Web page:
In A Word: Disrespect
Another Flyers visit to Consol Energy Center, another Philadelphia victory. It’s not too hard to understand. The Flyers routinely clog up the neutral zone and force the Penguins to dump and chase, whether the game’s being played in Pittsburgh or at the Wachovia Center in Philly. Going back to the beginning of the 2010-11 season, the Pens are 2-6 against the Flyers, 0-4 at the CEC. It’s more than a little disconcerting given the importance of every “4-point game” in the highly competitive Atlantic Division.
Again though, it’s not impossible to understand.
Impossible to understand is Jaromir Jagr’s continued ignorance as to why he’s booed every time he so much as blinks in front of Penguins’ fans.
Let’s not misconstrue a player leaving one team to head to another as the blatant disrespect some people always try to paint it as. However, let’s not paint what Jagr did – first in 2001, then again 10 years later – as a mere departure. What he did in 2001 was a disgrace to the captaincy of the Pittsburgh Penguins, and more importantly a slap in the face of the organization. Never willing to take a pay cut that would have helped keep him in Pittsburgh, and nothing short of demanding in his desire to be traded, the ‘C’ he wore might as well have stood for ‘coward.’ All he had done since the fall of 1990, all of the goodwill, all of the ‘Mario Jr.’ anagram t-shirts snapped up in the Strip District, were torched overnight.
Somehow Jagr couldn’t understand why.
We heard as he grew older and matured he may have some regrets about the way things went down in Pittsburgh. We heard he’d become a different person. It’s why, when the word leaked out that he may be interested in returning to the NHL, Pens fans started to let visions of the early 90s dance in their heads. You know, the days when Jagr’s on-ice brilliance wasn’t besmirched by off-ice petulance. Those visions included him opening up ice for Sidney Crosby and Evgeni Malkin and taking the limelight-free backseat off the ice that seems to suit his enigmatic personality. And the possibility of Jagr returning to Pittsburgh as a prodigal son creeped closer and closer to reality as Ray Shero and Dan Bylsma didn’t shoot down the idea that they were interested. Then we heard of Mario Lemieux reaching out to Jagr. And then his agent, Petr Svoboda, told the media that his “heart is in Pittsburgh.” Even after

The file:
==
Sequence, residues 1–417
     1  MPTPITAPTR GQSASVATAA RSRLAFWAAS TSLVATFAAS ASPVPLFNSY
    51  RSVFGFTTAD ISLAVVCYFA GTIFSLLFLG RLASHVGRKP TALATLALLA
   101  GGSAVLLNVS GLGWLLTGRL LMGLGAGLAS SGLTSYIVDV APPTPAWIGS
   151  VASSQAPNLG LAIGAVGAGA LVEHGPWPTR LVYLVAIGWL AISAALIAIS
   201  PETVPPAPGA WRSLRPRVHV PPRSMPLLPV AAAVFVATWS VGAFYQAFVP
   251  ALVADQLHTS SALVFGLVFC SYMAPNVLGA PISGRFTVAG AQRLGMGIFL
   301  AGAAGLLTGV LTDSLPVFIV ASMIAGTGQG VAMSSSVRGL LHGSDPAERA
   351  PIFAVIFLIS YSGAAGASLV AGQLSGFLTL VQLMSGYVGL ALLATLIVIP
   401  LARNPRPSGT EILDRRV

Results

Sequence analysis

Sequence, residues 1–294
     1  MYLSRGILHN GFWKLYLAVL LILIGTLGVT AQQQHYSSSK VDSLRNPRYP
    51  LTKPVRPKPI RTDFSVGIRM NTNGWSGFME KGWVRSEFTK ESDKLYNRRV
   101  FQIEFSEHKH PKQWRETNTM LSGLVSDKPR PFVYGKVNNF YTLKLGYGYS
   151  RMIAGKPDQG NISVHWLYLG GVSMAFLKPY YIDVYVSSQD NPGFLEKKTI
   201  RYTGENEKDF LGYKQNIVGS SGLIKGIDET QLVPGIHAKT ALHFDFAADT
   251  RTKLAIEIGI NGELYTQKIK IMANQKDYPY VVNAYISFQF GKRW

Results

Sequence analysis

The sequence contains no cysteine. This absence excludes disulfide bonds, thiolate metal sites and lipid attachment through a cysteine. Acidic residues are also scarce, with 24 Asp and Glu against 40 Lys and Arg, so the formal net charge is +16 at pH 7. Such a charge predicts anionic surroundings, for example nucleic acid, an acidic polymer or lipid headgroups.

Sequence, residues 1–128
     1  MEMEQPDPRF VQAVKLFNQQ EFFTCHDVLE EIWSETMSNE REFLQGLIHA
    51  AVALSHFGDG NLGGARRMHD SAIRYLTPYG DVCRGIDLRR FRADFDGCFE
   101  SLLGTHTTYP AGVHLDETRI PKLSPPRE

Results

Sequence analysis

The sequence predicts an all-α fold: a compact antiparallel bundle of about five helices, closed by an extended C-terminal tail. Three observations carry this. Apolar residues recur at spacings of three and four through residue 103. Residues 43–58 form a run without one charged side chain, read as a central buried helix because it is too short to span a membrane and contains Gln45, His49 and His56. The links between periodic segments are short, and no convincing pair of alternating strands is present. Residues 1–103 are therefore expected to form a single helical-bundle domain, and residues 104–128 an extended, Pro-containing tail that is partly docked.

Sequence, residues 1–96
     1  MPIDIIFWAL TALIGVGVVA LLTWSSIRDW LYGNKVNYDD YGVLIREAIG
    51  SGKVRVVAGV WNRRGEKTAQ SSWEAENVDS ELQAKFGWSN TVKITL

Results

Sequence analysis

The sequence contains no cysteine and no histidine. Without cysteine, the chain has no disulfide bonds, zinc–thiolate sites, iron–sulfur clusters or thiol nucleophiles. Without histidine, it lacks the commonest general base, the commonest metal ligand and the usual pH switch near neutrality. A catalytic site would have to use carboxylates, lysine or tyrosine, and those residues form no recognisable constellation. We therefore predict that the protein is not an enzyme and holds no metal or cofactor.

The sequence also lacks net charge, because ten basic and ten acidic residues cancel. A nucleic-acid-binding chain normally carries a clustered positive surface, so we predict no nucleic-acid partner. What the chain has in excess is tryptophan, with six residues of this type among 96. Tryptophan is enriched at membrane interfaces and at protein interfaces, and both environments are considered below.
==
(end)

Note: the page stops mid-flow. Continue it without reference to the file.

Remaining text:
Ron Cook The Pensblog called Svoboda in the middle of the night, it seemed inevitable that with any brains left in that 40-year old eastern European skull of his, Jagr would come play for Mario Lemieux.
Only he didn’t. For only about $1.3 million per year, the former ‘Mario Jr.’ not only whizzed on the ashes of all that goodwill he’d torched a decade earlier, but fired a harder backhand across Lemieux’s face than the one that fluttered over Marc-Andre Fleury’s shoulder Thursday night for the Flyers’ go-ahead goal. Yet there Jagr was Thursday afternoon, claiming Lemieux was his idol as a teenager and that he’d never forget how Mario helped him when he came to the NHL as a baby-faced Czechoslovakian teenager.
Talk about ignorance. Talk about stupidity. Talk about balls.
Could it still be so hard for Jagr to understand after he saw the reception Max Talbot received Thursday night? A tribute to Talbot played on the scoreboard in the middle of a TV timeout, and a standing ovation followed. Talbot, in about half as many postseason games as a Penguin only had about one-fifth the amount of points Jagr did. Yet he was relentlessly involved in the community, respected the fans, his teammates, and the organization, and never whined or complained about “dying alive.” Talbot will ALWAYS be more respected in Pittsburgh than Jagr, who will go in to the Hall of Fame someday because of what he did in a Penguins’ sweater.
For those that wonder why Jaromir Jagr is booed as vociferously today as he was a decade ago, and why he will still be booed that harshly in another 10 years, look no farther than one word: Disrespect. Jagr’s disrespect for the city, his teammates, the fans, and the organization, compounded by renewed disrespect for all of them including the man he falsely claims was an ‘idol,’ will always be what he is about in the eyes of Penguins fans.
That’s not hard to understand.